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Hẻm Gems: The Universe of Hanoian Food Beyond Bún Đậu

I tend to be cautious of restaurants that boast authenticity.

I have no personal beef against the concept; seeking the pure expression of a specific cuisine is a high-achieving and noble goal. But with the word “authentic” comes expectations, from the chef towards their own cuisine and from diners towards the range of morsels that they put in their mouth. Sometimes, expectations are not met, and disappointment ensues. In trying new genres of food, I’ve tried to follow a personal principle: to plunge straight into it, wallow in the sauces, and luxuriate in the greens without worrying if the offering stays true to its geographical roots. As long as it’s delicious.

Authenticity, to me, is also subjective and changes person to person. I’ve eaten phở trộn in Hanoi, and my idea of an authentic Hanoian phở trộn is interwoven with a vivid memory of eating chicken noodles in a semi-open stall streetside while traffic on Au Co Street hums along, two meters above me. Someone else’s idea of phở trộn might be a homemade meal crafted by a beloved family member, cooked with personal modification and heirloom secret ingredients.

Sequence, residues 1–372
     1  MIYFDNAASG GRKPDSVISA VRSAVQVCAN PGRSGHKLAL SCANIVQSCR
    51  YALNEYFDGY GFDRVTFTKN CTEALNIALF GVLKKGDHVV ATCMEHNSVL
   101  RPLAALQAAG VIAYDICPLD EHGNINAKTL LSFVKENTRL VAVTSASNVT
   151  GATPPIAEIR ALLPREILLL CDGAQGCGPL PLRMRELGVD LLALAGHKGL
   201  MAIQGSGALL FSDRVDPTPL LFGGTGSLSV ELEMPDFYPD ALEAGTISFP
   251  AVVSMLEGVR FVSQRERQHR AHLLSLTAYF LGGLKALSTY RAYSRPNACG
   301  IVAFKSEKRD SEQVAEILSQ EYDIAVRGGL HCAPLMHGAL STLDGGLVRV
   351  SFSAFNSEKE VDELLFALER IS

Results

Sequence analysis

So, despite the many glowing reviews praising Ngõ Đồng Xuân’s authentic Hanoian food, what eventually piqued my interest about this up-and-coming Tan Binh restaurant was actually the prospect of phở phồng and phở cuốn, rare northern dishes that are hard to find in bún đậu-filled Saigon. The intersection of Nguyen Du and Pasteur streets used to be the home of Phở Bắc Hà, a cozy nook of northern-style phở soup and one of the best fried phở the city had to offer. It anchored many a childhood memory of having an after-school meal with my dad. I don’t know how and when it happened, but the spot has been replaced by a Highlands Coffee in recent years. Parts of the metallic facade are still there, but instead of being caked in grease and enveloping plastic tables, the structure now hosts gaggles of white-collar workers and their frappuccinos.

This is all to say that I fucking miss phở chiên. I miss the sizzling rush of trying to eat the crusty pillows of fried noodles before the stir-fried beef sauce can make them soggy. I miss the semi-first-degree burn that grazes my tongue. I miss the night vibes of the neighborhood surrounding Truc Bach Lake, awash in a honey-shade sheen of evening street light.

At a glance, Ngõ Đồng Xuân does not stand out from the crowd of Hanoian food places in Saigon that existed before it and will succeed it in the future. The restaurant’s name is borrowed from a notable food alley in Hanoi famous for its phở tíu, bánh tôm, and special bamboo-stick bún chả. It’s unclear if the similar name is meant to evoke a certain northern ambiance among diners or to set a culinary goal to aspire to. Having sampled Ngõ Đồng Xuân’s food, it’s safe to say that the owner of the restaurant has achieved a commendable standard of excellence that might rival its namesake, even though they don’t serve the same dishes.

Left: phở cuốn. Right: chả ốc Kinh Kỳ.

Left: phở chiên trứng. Right: miến xào cua.

Bánh gối.